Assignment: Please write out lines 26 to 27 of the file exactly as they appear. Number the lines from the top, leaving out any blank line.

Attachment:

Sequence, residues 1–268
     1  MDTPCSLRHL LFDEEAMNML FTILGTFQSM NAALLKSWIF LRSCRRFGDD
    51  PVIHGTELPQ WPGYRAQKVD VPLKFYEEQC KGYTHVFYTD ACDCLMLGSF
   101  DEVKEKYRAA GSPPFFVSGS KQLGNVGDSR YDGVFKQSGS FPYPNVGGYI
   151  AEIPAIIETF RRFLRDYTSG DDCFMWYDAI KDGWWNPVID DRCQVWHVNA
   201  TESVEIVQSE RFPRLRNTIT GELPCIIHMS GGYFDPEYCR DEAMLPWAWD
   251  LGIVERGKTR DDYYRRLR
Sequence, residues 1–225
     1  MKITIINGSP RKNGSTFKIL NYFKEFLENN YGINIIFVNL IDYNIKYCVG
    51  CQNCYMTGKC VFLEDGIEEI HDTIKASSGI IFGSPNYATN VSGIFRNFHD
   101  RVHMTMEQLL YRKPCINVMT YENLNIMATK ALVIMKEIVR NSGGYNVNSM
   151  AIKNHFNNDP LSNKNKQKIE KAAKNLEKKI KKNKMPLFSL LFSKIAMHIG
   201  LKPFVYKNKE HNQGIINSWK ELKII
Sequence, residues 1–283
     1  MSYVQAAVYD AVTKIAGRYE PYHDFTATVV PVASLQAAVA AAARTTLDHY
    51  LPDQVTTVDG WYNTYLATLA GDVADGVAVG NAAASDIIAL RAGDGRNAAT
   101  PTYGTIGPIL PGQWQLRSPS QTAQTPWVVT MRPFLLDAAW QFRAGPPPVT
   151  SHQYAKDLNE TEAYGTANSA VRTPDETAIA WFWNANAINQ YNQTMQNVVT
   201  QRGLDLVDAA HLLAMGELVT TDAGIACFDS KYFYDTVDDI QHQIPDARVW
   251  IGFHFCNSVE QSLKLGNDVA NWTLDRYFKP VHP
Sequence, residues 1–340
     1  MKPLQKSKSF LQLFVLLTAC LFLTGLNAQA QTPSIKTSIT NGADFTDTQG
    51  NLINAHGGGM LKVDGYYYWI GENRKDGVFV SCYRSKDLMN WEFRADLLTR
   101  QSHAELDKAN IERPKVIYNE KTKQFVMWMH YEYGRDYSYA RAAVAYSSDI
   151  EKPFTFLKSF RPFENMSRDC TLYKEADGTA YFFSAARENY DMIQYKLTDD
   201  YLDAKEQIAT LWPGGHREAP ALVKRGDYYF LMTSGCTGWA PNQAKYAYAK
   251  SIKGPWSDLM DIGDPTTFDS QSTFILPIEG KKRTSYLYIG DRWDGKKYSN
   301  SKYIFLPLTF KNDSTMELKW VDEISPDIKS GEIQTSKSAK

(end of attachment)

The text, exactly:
   201  YLDAKEQIAT LWPGGHREAP ALVKRGDYYF LMTSGCTGWA PNQAKYAYAK
   251  SIKGPWSDLM DIGDPTTFDS QSTFILPIEG KKRTSYLYIG DRWDGKKYSN